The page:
SB 1198: Blind Persons’ Rights; Adoption; Custody
This bill prohibits the restriction of custody, adoption, guardianship and fostering of a child based solely on an individual’s blindness. Specifically, the proposal:
Prohibits a court from making any of the following determinations/orders based solely on a person’s blindness – Refusing to certify prospective adoptive parent; Refusing to grant an adoption to the prospective adoptive parent; Authorizing removal of a child from the home; Refusing to allow visitation or reunification of the parent with a child; Refusing to appoint the individual as guardian of a minor
Prohibits a court from considering a parent’s blindness when determining parenting time or participation in legal decision-making (unless the court finds that additional specified circumstances exist)
Prohibits Department of Child Safety (DCS) from refusing to license a foster home based on blindness
Requires a party who alleges that a person’s blindness has a detrimental impact on a child to prove, by clear and convincing evidence, that the behavior endangers or is likely to endanger the health, safety or welfare of the child.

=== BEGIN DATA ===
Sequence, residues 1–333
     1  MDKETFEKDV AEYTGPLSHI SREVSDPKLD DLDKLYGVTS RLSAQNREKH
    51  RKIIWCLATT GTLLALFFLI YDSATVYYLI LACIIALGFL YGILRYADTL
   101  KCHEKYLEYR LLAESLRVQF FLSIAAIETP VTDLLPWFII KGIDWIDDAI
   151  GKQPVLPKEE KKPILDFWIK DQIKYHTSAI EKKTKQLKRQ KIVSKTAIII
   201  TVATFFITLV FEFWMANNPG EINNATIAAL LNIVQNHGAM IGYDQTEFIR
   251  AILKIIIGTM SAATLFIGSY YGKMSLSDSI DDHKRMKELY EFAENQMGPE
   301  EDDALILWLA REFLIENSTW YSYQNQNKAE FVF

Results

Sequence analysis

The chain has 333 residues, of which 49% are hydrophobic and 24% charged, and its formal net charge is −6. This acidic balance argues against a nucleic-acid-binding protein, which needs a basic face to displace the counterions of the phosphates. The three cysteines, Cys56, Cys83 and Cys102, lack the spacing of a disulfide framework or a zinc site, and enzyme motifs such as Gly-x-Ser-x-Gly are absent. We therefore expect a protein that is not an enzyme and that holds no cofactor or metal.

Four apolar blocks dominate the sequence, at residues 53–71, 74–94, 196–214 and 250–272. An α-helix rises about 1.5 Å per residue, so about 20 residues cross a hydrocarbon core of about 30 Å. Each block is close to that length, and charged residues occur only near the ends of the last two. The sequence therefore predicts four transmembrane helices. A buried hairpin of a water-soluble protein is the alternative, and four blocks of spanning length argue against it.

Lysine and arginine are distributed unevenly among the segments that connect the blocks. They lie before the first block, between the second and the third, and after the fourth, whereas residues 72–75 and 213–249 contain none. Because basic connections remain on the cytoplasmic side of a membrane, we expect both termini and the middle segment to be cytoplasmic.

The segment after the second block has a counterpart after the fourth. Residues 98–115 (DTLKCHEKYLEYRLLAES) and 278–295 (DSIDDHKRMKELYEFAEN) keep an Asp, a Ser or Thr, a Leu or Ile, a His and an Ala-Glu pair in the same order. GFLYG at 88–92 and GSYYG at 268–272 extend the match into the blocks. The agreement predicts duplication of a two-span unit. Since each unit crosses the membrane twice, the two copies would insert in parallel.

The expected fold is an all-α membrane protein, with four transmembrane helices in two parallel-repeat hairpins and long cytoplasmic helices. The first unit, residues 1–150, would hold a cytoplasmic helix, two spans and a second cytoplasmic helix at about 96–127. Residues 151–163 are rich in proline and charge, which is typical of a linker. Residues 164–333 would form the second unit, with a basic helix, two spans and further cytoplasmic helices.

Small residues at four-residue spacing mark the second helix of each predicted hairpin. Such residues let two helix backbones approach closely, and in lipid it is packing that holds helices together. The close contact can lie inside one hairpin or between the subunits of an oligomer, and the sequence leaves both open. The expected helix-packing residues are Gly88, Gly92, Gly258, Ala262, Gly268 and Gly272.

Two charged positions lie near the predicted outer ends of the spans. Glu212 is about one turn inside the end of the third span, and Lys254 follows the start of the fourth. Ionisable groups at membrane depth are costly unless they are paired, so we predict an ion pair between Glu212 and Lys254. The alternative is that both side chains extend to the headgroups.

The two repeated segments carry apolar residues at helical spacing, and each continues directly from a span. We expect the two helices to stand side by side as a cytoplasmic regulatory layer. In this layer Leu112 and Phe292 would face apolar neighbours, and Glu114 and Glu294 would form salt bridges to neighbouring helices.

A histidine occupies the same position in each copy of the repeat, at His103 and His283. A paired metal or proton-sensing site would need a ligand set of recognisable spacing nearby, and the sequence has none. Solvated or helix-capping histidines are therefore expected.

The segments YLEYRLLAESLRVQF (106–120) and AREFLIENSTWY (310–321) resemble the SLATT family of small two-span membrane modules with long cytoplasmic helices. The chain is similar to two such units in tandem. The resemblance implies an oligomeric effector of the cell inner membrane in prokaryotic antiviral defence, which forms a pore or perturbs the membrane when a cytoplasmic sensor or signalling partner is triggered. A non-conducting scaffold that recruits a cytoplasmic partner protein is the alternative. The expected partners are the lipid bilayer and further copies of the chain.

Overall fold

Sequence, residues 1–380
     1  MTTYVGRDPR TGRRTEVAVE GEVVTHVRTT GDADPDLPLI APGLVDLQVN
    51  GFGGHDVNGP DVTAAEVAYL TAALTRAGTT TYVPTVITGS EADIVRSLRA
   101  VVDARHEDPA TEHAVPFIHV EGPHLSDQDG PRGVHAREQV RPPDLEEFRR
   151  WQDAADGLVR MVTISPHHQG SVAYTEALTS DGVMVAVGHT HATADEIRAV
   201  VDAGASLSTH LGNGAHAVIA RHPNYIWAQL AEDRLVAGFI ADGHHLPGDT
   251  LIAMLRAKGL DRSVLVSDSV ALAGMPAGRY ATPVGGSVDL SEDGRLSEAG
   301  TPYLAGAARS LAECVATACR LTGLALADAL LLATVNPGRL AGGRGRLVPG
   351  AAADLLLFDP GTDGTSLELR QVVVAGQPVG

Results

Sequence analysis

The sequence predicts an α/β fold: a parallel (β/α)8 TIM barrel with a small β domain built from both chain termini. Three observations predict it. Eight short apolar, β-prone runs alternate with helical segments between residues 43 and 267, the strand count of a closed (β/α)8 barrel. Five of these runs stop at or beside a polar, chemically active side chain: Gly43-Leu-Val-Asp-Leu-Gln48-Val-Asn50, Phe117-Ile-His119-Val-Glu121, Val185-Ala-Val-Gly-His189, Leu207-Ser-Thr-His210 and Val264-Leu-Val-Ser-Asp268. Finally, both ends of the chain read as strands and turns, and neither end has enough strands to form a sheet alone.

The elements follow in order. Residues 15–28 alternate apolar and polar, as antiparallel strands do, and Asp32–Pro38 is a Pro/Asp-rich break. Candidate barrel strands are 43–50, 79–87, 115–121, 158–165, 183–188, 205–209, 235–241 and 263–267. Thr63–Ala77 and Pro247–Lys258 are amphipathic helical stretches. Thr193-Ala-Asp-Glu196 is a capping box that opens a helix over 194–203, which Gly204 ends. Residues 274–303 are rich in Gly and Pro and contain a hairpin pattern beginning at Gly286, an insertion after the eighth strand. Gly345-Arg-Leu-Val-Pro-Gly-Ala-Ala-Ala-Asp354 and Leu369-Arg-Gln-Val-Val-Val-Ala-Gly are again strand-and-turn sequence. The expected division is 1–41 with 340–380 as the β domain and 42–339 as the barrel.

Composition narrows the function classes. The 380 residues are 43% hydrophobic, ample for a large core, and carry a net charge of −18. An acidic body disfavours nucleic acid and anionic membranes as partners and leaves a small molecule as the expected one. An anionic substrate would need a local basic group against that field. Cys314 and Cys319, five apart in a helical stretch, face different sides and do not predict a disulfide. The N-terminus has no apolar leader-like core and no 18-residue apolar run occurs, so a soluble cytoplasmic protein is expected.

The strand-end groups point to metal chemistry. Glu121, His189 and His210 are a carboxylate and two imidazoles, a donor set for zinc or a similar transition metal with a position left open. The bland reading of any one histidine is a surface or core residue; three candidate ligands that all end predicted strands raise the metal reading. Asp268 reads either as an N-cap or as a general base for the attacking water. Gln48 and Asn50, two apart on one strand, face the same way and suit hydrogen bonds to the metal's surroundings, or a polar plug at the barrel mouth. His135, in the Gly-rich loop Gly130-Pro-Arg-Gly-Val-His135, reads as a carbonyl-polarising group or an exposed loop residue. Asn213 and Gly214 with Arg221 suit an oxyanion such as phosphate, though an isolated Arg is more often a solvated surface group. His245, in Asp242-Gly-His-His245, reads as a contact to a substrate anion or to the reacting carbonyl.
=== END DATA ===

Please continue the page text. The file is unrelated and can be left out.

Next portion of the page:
First sponsor: Sen. Barto
ADC Position: Support
Being a parent is a fundamental right guaranteed by the U.S. Constitution. ADC supports the rights of all persons with disabilities to become and remain parents regardless of disability.
The best interest of the child usually is to remain in the custody of, or have visitation with, natural parent(s), absent evidence of abuse and neglect.
Persons with visual disabilities face discrimination in the legal system regarding the care and custody of their children, based solely on their blindness (e.g., adult protective proceedings; denial of custody, adoption, or foster services). SB 1198 offers protection from such discrimination.